I myself would consider that there [are] advantages in making it clear that ultimately there are even limits on the supremacy of Parliament which it is the courts’ inalienable responsibility to identify and uphold.’

Lord Woolf, ‘Droit public – English style’ [1995] PL 57


State X has a BIT in force with State A that provides for investor-State arbitration of disputes concerning only the amount of compensation due in the event of an expropriation. It also provides for most-favoured-nation ("MFN") treatment "in all matters governed by this treaty". State X has a BIT in force with State N that provides for investor-State arbitration of any dispute arising under the treaty (and also provides for full compensation for direct or indirect expropriation). May an investor from State A initiate investor-State arbitration against State X for a claim of indirect expropriation relying on the MFN clause?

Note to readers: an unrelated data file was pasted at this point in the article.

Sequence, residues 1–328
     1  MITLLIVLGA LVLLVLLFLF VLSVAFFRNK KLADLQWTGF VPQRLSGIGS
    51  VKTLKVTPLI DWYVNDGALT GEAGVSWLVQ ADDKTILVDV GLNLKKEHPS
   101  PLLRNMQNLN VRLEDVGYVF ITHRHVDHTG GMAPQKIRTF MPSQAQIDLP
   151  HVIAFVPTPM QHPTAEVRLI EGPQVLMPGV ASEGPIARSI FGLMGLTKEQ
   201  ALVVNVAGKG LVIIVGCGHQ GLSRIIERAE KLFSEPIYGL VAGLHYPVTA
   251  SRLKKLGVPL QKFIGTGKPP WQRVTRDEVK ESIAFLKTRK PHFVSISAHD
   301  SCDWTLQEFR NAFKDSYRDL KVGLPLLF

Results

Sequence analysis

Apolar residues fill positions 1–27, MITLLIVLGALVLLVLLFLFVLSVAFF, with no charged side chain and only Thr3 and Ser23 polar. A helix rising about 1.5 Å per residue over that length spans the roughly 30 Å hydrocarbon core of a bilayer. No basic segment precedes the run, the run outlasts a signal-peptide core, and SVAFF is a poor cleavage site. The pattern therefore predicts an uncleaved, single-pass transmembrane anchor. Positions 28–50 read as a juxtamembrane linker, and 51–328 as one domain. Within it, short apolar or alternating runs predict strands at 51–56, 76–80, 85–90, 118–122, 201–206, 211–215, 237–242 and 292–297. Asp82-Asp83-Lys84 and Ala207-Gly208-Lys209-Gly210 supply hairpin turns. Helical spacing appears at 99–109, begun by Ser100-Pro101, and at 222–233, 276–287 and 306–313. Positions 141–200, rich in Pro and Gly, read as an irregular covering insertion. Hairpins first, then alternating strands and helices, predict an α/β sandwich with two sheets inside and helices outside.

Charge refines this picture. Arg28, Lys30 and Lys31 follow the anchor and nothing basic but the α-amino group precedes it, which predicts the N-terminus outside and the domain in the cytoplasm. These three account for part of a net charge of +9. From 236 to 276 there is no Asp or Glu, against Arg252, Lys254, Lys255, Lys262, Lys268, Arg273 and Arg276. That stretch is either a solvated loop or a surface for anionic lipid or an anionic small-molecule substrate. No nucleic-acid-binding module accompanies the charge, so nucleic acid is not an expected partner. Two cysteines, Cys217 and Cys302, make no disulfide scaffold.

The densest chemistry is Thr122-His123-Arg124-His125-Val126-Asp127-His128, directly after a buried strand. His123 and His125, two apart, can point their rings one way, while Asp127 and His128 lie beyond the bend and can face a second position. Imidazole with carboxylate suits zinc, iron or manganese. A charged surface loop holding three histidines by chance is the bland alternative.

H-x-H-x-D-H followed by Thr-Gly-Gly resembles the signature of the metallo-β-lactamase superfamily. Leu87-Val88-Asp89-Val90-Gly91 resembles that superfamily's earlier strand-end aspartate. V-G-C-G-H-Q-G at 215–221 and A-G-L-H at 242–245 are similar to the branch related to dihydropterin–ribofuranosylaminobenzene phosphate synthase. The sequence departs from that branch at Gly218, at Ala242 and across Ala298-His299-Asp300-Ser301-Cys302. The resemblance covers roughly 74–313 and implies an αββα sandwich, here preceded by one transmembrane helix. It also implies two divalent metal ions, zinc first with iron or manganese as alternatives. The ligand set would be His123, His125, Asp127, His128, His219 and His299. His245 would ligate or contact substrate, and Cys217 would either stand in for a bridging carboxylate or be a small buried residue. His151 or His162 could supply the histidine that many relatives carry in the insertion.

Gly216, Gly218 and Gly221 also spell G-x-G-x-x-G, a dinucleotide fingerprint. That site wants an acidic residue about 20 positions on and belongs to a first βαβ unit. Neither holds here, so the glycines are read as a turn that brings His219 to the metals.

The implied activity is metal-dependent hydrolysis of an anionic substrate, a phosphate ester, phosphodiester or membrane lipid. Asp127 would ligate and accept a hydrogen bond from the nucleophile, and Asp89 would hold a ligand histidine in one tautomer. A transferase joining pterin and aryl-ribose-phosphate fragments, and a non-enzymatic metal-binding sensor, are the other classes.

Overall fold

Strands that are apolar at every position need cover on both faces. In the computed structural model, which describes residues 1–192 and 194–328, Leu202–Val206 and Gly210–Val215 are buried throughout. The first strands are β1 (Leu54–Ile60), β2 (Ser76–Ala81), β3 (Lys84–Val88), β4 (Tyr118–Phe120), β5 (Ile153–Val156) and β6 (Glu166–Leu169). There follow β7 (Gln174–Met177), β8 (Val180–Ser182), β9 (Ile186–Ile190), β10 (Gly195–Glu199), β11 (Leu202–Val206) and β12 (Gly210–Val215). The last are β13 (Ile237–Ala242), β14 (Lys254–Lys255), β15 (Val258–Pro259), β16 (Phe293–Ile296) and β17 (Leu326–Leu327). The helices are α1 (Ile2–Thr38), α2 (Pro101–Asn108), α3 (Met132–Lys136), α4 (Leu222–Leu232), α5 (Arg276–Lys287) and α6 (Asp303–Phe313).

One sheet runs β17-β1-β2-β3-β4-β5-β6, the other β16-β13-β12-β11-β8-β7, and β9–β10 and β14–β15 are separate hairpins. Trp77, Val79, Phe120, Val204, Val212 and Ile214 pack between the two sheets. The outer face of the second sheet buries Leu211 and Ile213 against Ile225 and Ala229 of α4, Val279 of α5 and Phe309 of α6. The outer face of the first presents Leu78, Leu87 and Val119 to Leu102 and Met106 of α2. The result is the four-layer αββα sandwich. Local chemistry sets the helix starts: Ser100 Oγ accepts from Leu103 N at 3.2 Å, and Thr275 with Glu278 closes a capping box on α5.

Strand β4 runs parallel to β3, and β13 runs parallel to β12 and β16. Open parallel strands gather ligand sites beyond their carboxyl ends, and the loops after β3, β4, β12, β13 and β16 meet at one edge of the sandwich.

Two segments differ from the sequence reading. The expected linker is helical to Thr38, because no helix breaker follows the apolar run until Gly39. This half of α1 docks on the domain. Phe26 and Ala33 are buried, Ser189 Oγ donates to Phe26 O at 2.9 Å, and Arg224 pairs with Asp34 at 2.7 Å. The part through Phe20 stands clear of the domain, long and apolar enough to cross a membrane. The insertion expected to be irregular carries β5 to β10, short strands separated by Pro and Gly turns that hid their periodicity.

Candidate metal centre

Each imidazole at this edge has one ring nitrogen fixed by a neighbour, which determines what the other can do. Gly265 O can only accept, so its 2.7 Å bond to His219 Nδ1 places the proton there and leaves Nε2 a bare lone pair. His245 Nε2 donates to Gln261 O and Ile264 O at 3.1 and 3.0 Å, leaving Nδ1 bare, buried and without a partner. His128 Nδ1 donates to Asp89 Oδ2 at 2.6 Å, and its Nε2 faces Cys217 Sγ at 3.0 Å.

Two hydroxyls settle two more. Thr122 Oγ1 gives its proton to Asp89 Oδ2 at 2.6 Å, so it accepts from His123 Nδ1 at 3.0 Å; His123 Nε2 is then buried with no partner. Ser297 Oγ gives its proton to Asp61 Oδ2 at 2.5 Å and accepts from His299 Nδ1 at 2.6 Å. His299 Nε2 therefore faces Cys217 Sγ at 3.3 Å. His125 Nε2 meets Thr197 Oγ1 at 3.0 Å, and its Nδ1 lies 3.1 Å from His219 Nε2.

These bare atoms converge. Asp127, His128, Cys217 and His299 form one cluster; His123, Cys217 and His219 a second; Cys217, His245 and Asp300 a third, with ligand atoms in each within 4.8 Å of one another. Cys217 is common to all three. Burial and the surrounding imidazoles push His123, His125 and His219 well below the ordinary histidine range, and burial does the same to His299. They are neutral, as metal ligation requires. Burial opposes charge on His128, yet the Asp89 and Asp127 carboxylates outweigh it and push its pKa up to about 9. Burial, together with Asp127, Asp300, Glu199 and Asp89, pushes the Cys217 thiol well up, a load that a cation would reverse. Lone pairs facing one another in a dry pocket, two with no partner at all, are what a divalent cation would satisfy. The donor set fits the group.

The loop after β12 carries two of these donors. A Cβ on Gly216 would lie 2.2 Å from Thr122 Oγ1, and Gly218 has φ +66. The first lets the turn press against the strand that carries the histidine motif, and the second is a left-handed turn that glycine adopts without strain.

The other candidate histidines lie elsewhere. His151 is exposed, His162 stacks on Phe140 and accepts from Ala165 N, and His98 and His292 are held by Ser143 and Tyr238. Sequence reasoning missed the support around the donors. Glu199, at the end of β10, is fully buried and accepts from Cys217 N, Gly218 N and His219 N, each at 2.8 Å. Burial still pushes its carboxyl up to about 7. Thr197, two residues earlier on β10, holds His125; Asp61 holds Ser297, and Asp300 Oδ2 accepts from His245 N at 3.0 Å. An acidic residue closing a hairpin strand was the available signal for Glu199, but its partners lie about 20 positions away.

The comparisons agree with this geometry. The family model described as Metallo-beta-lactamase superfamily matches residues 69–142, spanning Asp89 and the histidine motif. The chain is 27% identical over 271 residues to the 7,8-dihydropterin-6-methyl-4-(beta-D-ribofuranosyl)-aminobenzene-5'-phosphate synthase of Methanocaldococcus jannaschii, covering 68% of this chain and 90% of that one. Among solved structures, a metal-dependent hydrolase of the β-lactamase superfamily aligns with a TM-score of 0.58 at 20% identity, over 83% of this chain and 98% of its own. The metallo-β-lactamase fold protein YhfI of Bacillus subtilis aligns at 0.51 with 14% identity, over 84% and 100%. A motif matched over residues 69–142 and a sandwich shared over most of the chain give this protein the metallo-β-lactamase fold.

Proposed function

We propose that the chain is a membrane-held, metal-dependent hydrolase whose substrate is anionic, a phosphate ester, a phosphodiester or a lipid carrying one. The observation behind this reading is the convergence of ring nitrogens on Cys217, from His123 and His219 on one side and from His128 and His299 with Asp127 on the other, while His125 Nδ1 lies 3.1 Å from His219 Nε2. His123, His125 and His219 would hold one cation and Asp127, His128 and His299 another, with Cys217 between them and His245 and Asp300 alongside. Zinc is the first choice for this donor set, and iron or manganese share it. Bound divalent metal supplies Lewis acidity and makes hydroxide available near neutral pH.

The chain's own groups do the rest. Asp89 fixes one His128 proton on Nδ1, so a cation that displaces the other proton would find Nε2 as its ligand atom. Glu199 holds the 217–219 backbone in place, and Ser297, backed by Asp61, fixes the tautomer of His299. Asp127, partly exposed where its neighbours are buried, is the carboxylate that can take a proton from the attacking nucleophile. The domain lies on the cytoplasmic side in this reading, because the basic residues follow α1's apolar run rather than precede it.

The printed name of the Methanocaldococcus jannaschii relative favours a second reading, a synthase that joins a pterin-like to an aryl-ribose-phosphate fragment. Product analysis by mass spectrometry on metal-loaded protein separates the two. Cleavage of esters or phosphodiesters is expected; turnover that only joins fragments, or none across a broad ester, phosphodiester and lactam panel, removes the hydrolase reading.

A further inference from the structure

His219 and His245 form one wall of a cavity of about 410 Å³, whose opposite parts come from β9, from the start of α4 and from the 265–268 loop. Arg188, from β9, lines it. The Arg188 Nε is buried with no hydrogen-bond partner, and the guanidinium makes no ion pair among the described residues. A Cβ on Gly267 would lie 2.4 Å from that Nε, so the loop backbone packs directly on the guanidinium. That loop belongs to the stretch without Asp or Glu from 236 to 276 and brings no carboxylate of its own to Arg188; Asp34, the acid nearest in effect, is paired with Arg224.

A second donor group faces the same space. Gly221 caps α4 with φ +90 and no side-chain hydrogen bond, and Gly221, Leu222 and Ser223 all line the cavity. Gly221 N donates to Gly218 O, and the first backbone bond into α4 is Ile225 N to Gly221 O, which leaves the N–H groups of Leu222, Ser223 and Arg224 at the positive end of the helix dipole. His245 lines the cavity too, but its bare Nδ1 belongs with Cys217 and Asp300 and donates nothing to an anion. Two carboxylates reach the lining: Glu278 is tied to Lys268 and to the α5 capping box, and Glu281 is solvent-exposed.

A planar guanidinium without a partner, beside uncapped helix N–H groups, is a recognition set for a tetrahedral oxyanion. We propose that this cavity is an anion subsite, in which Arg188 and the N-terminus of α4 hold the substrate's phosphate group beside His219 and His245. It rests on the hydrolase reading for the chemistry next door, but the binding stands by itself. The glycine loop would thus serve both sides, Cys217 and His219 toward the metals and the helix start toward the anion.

The Right is... Conditional

Citizens of the European Union now enjoy the right of free movement and residence within the territory of Member States. However, the exercise of this right is conditional upon claimants meeting certain requirements for the acquisition and retention of residence rights. Those conditions sometimes appear to be a significant barrier for the development of the free movement of persons.

Among the numerous cases brought to ICSID in recent years, Maffezini v Kingdom of Spain stands out as raising issues concerning the Most-Favoured-Nation clause.

A turning point in history

Roughly 100 years ago Frenchman Louis Blériot became the first man to fly across the Channel in a heavier-than-air aircraft, on 25 July 1909. The mustachioed aviation enthusiast and inventor was one of three pilots to respond to a public challenge to become the first man to achieve the feat. The British newspaper magnate Lord Northcliffe had offered a prize of £1,000 (equivalent to £115,000 in 2018) to the first person to make the flight in either direction.